“For an outpatient evaluation, it is running around 90 days from when we get an order until we are able to complete an evaluation,” Dunkley says. “The rule is we have 30 days and we are constantly asking for extensions just because if you are the judge, you call up and say you need this person, the evaluation completed, we say to you, ‘Okay, but that person is number 27 and we are not going to get to them for a while.’”
In March, Dunkley says the Wyoming State Hospital had around 30 on its outpatient waiting list for an evaluation. He says hospital staff can complete 30-35 outpatient evaluations in a year. The state hospital also performs inpatient evaluations, but also deals with a lack of beds. Patients generally must stay in jail, or a facility such as Wyoming Behavioral Institute or Cheyenne Regional’s Behavior Health Services – if space is available – until a bed opens at the State Hospital. This comes with a cost of $787 per night plus the cost of treatment and is paid for by the State.
Civil Adult Care
On the other side of campus is the 61,000-square foot Adult Care Facility, which was built in 2004. On the civil commitment (those sent to the hospital through the Title XXV process) side, the state hospital is battling increased numbers of patients and nowhere to put them. Mullenax touts the strong care at the state hospital, but in mid-March the waiting list for the facility was 21-deep. He says the average length of stay on the civil side is 130 days.
Dunkley says the hospital’s 24.5-percent readmission rate on the adult psychiatric services side is about average for state mental hospitals in the West. He adds that the hospital did a study a few years back that suggested 60 percent of civil placements done a year ago had a co-occurring diagnosis of substance abuse as well as mental illness.
“I don’t know that you can separate them, the mental illness or substance abuse. It is always a question for the physician (of) which comes first,” says Mullenax.
Task Force Could Lead to Some Relief in Evanston
For someone who has seen two other studies of the state hospital, its mission and its future with little change, Mullenax has a remarkably rosy outlook concerning the current Joint Legislative and Executive Task Force on Department of Health Facilities. The task force has a request to examine the missions and facilities at state-owned facilities in Lander, Thermopolis, Basin, Evanston and Buffalo and offer a road map for their respective futures.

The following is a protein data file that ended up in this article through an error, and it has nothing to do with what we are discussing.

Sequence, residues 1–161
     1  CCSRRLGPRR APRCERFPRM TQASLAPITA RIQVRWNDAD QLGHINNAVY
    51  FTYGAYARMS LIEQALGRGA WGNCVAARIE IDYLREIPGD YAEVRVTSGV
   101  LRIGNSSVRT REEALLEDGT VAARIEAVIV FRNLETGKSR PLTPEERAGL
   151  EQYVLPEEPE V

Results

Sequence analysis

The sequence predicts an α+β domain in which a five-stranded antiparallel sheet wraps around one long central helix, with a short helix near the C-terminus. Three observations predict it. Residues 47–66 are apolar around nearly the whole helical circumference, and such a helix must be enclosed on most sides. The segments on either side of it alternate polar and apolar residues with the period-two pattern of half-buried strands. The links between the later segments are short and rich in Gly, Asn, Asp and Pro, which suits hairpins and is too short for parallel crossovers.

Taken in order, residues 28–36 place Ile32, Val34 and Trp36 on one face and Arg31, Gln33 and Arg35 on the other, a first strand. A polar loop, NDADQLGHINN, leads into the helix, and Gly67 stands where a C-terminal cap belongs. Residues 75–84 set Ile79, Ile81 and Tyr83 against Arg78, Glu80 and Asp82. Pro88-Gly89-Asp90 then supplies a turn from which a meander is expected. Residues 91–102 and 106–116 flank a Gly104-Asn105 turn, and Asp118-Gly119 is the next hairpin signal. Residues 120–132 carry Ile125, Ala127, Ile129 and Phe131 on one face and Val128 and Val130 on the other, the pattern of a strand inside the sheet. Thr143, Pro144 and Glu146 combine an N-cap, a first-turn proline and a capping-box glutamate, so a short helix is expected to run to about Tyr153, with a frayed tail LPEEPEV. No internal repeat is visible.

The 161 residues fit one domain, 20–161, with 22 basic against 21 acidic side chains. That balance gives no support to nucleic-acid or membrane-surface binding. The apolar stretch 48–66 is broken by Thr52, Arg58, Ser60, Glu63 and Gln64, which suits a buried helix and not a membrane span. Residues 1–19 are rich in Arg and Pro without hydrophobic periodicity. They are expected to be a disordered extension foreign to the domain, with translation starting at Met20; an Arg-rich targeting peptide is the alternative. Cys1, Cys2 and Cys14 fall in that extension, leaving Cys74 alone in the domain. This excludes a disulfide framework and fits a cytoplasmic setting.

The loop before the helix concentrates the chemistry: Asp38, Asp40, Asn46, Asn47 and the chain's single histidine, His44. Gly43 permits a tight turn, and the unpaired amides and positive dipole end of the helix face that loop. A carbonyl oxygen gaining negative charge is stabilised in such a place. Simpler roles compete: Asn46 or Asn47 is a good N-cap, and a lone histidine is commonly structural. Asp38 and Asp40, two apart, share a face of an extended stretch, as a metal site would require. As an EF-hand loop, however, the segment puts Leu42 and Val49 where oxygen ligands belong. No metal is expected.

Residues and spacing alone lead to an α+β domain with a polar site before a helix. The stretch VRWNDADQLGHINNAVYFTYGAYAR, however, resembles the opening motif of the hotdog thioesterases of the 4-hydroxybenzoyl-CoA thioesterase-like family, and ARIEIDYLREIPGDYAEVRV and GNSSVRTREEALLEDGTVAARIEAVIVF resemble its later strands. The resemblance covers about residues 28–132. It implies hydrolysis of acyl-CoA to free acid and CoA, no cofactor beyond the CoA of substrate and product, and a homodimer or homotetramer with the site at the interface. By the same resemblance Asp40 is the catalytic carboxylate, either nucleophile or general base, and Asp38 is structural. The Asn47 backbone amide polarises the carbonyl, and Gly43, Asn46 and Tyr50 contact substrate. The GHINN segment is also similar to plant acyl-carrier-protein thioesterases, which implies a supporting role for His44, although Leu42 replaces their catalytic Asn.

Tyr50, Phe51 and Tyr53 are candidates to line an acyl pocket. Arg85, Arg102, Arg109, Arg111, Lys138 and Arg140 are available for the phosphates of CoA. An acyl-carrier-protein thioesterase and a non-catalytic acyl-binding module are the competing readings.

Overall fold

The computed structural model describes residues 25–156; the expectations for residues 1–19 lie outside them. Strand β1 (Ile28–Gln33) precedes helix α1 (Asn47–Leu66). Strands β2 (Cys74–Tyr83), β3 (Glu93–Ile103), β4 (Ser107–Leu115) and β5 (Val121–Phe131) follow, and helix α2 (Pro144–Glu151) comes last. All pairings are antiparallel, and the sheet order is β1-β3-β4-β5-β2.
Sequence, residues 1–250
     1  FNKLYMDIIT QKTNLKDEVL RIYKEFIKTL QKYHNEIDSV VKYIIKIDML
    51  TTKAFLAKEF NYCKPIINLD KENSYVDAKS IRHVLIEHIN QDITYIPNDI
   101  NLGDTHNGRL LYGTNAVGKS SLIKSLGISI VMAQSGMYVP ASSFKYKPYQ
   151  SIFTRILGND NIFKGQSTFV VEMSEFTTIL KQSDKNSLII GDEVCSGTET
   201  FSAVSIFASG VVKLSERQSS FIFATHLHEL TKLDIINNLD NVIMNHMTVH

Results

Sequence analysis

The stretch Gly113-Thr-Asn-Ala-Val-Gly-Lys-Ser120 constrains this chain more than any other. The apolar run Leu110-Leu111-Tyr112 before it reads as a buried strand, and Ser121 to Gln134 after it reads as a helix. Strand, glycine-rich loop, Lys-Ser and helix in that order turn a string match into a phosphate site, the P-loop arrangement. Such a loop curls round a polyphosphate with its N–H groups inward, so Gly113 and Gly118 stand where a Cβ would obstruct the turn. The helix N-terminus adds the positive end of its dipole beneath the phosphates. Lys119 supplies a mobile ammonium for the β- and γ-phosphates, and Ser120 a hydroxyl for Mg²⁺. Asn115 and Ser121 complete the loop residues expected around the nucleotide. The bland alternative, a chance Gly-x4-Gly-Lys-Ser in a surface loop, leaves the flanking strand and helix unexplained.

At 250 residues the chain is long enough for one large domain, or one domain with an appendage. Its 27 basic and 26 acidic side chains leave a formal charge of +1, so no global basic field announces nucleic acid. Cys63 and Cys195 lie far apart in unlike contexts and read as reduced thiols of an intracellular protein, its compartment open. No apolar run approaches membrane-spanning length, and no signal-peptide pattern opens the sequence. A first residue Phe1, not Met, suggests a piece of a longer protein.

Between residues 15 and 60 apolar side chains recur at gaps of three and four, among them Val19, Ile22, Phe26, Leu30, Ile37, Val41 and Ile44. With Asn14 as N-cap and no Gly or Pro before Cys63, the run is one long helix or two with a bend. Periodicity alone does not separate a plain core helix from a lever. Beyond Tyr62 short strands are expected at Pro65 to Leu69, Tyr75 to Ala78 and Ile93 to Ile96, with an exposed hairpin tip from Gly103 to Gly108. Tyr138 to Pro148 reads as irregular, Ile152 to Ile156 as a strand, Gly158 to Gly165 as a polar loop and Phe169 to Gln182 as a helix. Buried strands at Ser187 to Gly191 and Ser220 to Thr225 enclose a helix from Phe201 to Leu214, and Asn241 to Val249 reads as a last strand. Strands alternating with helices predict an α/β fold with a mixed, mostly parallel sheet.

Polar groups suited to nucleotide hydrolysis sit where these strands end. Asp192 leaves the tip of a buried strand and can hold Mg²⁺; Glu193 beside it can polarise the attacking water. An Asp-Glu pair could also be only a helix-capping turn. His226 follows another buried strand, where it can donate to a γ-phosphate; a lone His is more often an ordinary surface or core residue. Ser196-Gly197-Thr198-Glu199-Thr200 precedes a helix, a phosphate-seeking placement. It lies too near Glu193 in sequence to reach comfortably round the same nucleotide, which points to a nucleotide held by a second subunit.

“(When) I started here in 1994, they had just completed the facility study for this campus,” he says. “The recommendation out of that study was to (demolish) this whole campus and build south of us. Since then we have had two other facility studies that have, in essence, recommended the same thing. This study makes me hopeful. This has been a much more thorough and organized and supported study.”
Rep. Lloyd Larsen (R-Fremont County) leads the task force and says work was done both in addressing state law and in setting aside state funds in order to address building concerns in Evanston and Lander at the Wyoming Life Resource Center. Larsen says the task force recommends moving some of the geriatric psychiatric patients from the state hospital in Evanston to the Wyoming Life Resource Center into a Greenhouse model. A Level I and Level II study of the facilities in Evanston led to the task force recommending the razing of a majority of the older buildings at the state hospital, and new construction being added to the south end of the campus where the adult care facility currently exists. New wings would be added for both Title VII and TItle XXV patients. Areas for acute access would also be addressed.
“This task force has not let the grass grow,” Larsen says. “They have been very engaged over the last two years in identifying how these populations are served and the state’s role. I think we met 11 times last interim because we know we have pushed this off for about eight years now, and we need to make sure we aren’t just piddling around. These people are important to the state and we need to make sure we are addressing their needs.”
The construction in Evanston and Lander will cost in the neighborhood of $150-160 million and, if state investment income comes through as expected, Larsen said shovels could be in the ground in 2017 or 2018 at the latest. These buildings could also better address the needs of the population served in Evanston in a safer manner for staff and clients. In addition, Larsen says some of the current facilities would be built to address a concern of a fault line that goes through Southwest Wyoming near the State Hospital.
“There is hope, not dread,” says Dunkley. “The task force has really taken this project seriously and we are grateful for that. Our director has supported these facilities along with the task force. There are probably no individuals who are more involved than they are. Something good will come of their studies.”